The Great Recession knocked out more jobs than any other downturn since World War II, and it’s taking longer to get them back than it did after the previous two recessions, according to Pew Research Center.
The 2008 crash took 8.7 million jobs, or 6.3 percent of the pre-recession peak payroll, according to Pew, and the effects are lingering into 2014, despite encouraging employment numbers in November.
The unemployment rate declined from 7.3 percent to 7.0 percent in November, the Bureau of Labor Statistics announced.
As the U.S. job market gradually improves, it’s also evolving, with winners and losers.
Warehouses and trucking companies are doing more holiday hiring than the stores they’re working for.
Factory workers are getting more overtime, while pay is nearly flat for hotel and restaurant employees. Retirement-age Americans are staying on the job.
Longer Out of Work
For people who’ve been out of work for more than six months, the outlook has gone from painful to desperate.
Even as the number of unemployed Americans has fallen nearly 350,000 in the past two months, the ranks of the long-term unemployed have barely budged. They number about 4.1 million, and they’re not catching many breaks.
Worse, companies are shying away from hiring workers with extended gaps in their résumés.
More than 37 percent of unemployed Americans in November have been out of work for half a year or more, a higher proportion than in October. If most of these Americans continue to be viewed as unemployable, that trend will hold back the economy’s growth into 2014.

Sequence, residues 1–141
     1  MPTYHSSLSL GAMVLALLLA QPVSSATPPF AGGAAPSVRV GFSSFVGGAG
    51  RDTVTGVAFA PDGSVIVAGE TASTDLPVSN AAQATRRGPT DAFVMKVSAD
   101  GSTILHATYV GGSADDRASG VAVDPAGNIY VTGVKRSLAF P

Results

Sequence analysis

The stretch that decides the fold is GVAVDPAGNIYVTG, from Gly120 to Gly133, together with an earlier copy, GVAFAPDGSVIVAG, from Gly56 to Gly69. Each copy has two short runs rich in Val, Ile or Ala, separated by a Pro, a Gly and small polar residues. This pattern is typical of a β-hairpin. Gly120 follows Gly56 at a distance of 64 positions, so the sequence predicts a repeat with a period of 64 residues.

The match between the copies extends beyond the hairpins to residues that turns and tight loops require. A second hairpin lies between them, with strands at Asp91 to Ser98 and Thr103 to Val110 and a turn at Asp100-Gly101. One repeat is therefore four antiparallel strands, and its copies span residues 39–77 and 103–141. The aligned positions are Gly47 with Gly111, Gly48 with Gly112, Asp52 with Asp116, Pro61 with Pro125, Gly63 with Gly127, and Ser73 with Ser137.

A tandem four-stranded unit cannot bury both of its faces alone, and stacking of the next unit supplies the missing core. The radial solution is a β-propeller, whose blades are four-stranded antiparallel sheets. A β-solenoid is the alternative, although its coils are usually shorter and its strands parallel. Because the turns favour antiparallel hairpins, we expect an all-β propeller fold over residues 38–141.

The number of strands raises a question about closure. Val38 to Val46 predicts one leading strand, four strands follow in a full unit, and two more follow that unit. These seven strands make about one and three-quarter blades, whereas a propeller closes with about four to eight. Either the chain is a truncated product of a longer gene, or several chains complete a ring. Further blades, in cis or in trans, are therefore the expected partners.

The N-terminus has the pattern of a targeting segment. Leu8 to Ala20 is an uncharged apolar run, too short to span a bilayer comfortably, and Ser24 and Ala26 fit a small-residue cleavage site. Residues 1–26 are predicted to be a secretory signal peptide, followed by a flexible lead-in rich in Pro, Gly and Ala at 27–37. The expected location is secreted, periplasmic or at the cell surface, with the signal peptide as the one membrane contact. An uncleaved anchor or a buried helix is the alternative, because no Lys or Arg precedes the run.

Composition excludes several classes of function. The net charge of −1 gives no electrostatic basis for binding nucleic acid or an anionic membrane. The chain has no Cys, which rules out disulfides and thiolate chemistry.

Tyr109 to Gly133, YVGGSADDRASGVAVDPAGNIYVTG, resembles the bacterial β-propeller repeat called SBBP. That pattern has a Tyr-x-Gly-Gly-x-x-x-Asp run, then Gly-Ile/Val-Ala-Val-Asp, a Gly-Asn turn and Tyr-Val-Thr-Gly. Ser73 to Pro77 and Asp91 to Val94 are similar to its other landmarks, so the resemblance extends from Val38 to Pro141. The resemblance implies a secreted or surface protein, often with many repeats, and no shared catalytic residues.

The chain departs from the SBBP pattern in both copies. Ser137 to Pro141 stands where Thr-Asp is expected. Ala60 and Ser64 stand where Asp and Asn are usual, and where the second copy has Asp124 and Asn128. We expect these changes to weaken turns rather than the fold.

More Part-Timers, but Not by Choice
The slow growth of jobs means more people working part time who want to work full time, which could be “a cause of concern for both workers and employers, as well as those interested in the long-term productivity and efficiency of the U.S. economy,” said researcher Rebecca Glauber, assistant professor of sociology and a faculty fellow at the Carsey Institute, in a statement.
Glauber found that the single largest five-year increase in involuntary part-time employment since the 1970s occurred between 2007 and 2012. The involuntary part-time employment rate more than doubled from 2007 to 2012.
Poverty on the Rise
The slow jobs recovery also means more people in poverty, and more hunger. Some of the long-term unemployed may fall into poverty permanently.
The overall poverty rate rose after the 2008 crash and has not fallen to pre-recession levels, according to the census.
In 2012, the official poverty rate was 15.0 percent, with 46.5 million people in poverty. This was up 2.5 percentage points from 2007, the year before the most recent recession, according to the census.
For the second year in a row, the number of people in poverty and the official poverty rate have not budged.
The Associated Press contributed to this report.